For the first 40 pages or so of this novel, I found myself laughing often and thinking “I love this book!” but once I moved deeper into Dear Committee Members, it became increasing redundant. The book is written as a series of letters of recommendation from a tenured professor, sitting in an English department that has lost most of its funding and slowly losing support for most of its students. All of the faculty seem on the cusp of fleeing or trying to seize power. The narrator’s letters are centered around fellow faculty, previous and current students, and other academic staffers, with whom the letter writer has had romantic entanglements that are described with many details in his letters.
This book will probably only be appealing to graduate students and those who work in university systems as it lampoons many of the archaic and slightly toxic rituals and norms within academia. The jokes that made me laugh the most were strongly tied back to academia insider woes, so I don’t think this one-note book will be worth it to those outside of this strange world.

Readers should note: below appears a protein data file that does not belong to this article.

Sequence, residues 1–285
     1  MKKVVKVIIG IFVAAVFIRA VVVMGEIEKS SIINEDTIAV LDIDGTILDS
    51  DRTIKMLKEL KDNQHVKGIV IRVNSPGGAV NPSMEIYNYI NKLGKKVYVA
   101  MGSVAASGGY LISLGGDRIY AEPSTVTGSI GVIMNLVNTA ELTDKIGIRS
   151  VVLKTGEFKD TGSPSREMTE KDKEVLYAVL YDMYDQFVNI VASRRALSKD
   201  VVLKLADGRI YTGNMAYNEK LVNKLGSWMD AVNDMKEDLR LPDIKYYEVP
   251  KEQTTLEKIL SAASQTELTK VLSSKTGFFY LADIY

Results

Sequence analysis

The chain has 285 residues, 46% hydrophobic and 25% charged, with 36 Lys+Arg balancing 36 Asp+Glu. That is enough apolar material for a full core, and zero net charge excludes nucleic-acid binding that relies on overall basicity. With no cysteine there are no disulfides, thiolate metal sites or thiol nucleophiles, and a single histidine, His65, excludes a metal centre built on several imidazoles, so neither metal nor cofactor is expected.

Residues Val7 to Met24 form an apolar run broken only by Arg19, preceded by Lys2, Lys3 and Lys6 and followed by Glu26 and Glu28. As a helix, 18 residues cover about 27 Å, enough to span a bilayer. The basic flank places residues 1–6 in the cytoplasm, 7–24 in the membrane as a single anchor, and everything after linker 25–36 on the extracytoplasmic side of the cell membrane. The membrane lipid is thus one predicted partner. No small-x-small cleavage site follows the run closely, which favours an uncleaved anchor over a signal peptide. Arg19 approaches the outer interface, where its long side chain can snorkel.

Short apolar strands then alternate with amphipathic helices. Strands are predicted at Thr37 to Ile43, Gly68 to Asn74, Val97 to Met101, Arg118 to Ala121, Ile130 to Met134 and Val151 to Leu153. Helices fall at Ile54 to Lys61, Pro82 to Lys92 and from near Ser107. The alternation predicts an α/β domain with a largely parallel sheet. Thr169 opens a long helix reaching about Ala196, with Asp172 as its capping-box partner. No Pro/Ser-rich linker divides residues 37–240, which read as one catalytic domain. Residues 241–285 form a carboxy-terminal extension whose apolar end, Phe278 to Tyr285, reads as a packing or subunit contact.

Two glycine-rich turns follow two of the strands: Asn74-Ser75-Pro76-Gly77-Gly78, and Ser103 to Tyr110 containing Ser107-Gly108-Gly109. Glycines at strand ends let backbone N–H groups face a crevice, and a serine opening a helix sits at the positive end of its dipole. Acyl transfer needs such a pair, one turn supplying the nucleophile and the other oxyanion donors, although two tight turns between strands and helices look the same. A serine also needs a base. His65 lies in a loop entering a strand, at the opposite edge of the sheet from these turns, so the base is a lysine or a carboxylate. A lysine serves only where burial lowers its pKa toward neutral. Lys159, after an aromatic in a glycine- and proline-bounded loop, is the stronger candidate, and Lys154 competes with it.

Additionally, the book includes a rather jarring suicide toward the end of the book, which the reader will likely be unprepared for since they’re only reading things from the narrator’s letters of recommendations who is also caught off guard by one of the characters dying by suicide. I did not like the inclusion of this plot point and think it could have been treated more delicately if the author thought it was essential to include.
Overall, I liked this book for 40 pages, then wished it was over, and strongly felt that the ending was unnecessary. Dear Committee Members and the world it represents further contributed to my very messy feelings about academia as a current graduate student and perhaps will be a source of solace for others in this world.
Publiation Date: 19 August 2014 by Doubleday. Format: Paperback.
Author: Julie Schumacher web